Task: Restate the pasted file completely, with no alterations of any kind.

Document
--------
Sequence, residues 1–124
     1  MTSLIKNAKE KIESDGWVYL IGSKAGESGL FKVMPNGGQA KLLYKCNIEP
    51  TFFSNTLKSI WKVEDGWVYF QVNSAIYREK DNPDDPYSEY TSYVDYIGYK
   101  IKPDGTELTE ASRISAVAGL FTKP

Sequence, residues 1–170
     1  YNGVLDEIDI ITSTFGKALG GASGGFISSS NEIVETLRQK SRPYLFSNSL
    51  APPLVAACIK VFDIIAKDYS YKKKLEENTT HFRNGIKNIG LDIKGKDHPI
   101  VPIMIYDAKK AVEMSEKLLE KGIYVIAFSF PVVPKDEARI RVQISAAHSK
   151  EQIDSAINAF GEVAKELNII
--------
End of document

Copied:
Sequence, residues 1–124
     1  MTSLIKNAKE KIESDGWVYL IGSKAGESGL FKVMPNGGQA KLLYKCNIEP
    51  TFFSNTLKSI WKVEDGWVYF QVNSAIYREK DNPDDPYSEY TSYVDYIGYK
   101  IKPDGTELTE ASRISAVAGL FTKP

Sequence, residues 1–170
     1  YNGVLDEIDI ITSTFGKALG GASGGFISSS NEIVETLRQK SRPYLFSNSL
    51  APPLVAACIK VFDIIAKDYS YKKKLEENTT HFRNGIKNIG LDIKGKDHPI
   101  VPIMIYDAKK AVEMSEKLLE KGIYVIAFSF PVVPKDEARI RVQISAAHSK
   151  EQIDSAINAF GEVAKELNII